A University of Maryland student and her 5-year-old cousin were detained in Washington Dulles International Airport on Saturday night as a result of President Trump’s executive order preventing citizens of seven Muslim-majority countries from entering the United States.
Aida Mohammadi, a 25-year-old green card holder, was returning to the United States from Turkey following a trip to visit relatives with her cousin Artiman Jalali, who was born in the United States but has dual Iranian citizenship, The Washington Post reported Sunday.
Trump’s executive order, signed Friday, bars citizens of Iraq, Iran, Libya, Somalia, Sudan, Syria and Yemen from entering the United States for 90 days.
Authorities held Mohammadi, who is studying public health science, for about five hours before releasing her at about 11 p.m. Her cousin, Jalali, was released around midnight, Mohammadi said Tuesday.
Several Maryland politicians have spoken out about Mohammadi’s and Jalali’s detention and criticized Trump’s executive order as xenophobic and un-American. The order also suspends the entry of refugees into the U.S. for 120 days, and bars Syrian refugees from entering the country indefinitely.
Sen. Chris Van Hollen (D-Md.) wrote early Sunday morning on Facebook that it was “outrageous that a 5-year-old boy — an American citizen and Maryland resident — was detained for more than 4 hours.”
“He was held despite the fact that we gave the authorities advance notice of his arrival earlier today and, when I called later in the evening, they refused to say whether he had been released or was still in custody,” Van Hollen wrote. “Shame on you, Donald Trump.”
He also took to Twitter on Monday, stating the real threat to the U.S. is the executive order itself.
This 5-yr-old U.S. citizen & Maryland resident is not a threat to our country. Donald Trump’s executive order is. https://t.co/XAECfWEKNx
— Chris Van Hollen (@ChrisVanHollen) January 30, 2017
University President Wallace Loh wrote in a statement Sunday that this university is looking into “assessing how this executive order may affect the students and scholars at our campus who come from these countries” and noted that it is vital that the U.S. “continue[s] to welcome talented individuals of all nations to study, teach, and do research here.”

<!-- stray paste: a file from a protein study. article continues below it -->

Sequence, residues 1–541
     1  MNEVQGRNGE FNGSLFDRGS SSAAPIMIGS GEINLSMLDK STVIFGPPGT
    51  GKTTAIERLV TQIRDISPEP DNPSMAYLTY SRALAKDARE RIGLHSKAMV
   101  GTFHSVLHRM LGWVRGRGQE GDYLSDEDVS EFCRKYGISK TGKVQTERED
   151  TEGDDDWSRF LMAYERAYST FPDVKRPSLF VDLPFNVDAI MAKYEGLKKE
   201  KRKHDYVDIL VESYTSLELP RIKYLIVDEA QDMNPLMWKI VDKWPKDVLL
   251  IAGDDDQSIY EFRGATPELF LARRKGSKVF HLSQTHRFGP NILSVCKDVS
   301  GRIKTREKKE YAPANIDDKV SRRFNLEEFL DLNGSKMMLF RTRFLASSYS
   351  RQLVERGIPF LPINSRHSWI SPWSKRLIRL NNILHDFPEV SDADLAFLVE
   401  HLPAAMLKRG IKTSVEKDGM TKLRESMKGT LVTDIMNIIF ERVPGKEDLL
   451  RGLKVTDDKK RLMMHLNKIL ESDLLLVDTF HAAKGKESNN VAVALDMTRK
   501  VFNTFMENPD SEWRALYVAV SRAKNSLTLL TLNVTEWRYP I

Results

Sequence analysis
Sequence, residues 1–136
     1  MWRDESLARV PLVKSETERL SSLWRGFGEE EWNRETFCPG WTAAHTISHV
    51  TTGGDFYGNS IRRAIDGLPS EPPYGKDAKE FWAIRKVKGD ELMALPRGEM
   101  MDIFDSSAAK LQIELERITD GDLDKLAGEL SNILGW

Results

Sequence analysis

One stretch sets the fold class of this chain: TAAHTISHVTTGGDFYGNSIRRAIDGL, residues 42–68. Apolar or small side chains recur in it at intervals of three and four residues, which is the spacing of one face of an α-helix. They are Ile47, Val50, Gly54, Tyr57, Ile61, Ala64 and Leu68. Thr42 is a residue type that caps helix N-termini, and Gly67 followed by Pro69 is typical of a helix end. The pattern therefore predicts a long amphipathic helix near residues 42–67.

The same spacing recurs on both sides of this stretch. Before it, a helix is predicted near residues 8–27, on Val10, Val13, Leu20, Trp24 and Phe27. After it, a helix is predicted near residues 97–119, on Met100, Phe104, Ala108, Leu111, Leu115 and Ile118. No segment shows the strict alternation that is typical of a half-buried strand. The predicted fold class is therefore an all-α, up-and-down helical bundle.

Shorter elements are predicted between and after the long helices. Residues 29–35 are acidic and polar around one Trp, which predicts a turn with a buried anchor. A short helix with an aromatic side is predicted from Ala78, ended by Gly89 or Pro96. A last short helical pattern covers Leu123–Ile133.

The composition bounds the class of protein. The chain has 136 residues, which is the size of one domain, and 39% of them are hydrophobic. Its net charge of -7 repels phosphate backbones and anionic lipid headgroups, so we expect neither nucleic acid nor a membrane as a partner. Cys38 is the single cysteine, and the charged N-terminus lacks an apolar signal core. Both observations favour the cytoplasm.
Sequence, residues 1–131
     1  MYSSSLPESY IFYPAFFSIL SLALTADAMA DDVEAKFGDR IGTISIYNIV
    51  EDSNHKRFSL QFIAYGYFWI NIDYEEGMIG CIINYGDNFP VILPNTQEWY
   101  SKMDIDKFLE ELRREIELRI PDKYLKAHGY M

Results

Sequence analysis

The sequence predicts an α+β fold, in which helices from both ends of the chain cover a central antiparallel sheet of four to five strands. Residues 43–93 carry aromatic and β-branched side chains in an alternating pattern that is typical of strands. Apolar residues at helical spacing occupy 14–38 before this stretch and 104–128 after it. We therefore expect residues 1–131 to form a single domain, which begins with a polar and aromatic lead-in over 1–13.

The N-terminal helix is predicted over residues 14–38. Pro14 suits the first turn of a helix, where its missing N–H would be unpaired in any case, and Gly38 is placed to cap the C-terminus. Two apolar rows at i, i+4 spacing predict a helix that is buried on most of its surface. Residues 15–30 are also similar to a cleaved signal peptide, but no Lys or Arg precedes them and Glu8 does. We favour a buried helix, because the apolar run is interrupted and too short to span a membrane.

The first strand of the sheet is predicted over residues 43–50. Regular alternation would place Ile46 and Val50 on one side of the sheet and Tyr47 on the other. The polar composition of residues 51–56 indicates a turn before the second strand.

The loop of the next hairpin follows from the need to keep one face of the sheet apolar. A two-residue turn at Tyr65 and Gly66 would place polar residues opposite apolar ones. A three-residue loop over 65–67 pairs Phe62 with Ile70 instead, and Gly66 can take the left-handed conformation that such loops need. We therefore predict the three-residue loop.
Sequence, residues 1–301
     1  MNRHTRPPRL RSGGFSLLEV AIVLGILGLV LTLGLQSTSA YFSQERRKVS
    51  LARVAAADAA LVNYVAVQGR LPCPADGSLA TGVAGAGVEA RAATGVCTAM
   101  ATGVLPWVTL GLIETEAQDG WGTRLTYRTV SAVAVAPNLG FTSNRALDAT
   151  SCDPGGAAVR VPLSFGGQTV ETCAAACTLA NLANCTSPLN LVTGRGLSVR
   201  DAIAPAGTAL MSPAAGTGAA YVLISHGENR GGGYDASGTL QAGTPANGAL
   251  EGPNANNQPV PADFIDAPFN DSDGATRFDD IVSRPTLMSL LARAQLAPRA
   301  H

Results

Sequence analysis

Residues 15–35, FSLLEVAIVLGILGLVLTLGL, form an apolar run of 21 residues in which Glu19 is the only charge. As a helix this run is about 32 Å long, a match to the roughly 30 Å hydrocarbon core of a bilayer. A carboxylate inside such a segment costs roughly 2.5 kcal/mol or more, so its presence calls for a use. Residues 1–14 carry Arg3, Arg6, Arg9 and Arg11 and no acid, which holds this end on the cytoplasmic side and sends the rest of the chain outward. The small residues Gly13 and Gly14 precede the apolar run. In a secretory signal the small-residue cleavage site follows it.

Students from this university have also expressed frustration with Trump’s order. About 30 university students joined a protest in Washington on Sunday protesting the immigration ban.
Maryland Gov. Larry Hogan’s office released a statement Sunday saying that legal counsel is reviewing the order’s implications on the state.
“The implementation and enforcement of immigration law and policy is the sole purview of the federal government,” the statement read. “This administration has and continues to support a strengthened and more clarified vetting processes for those entering the country. Improving our national security can and should be done in a defined and concise manner that upholds our American values.”
This story will be updated following an interview with Mohammadi.
CORRECTION: Due to a reporting error, a previous version of this story, as well as the photo caption, incorrectly stated that Mohammadi returned to the U.S. from Iran. She was coming back from Turkey. This story is now updated.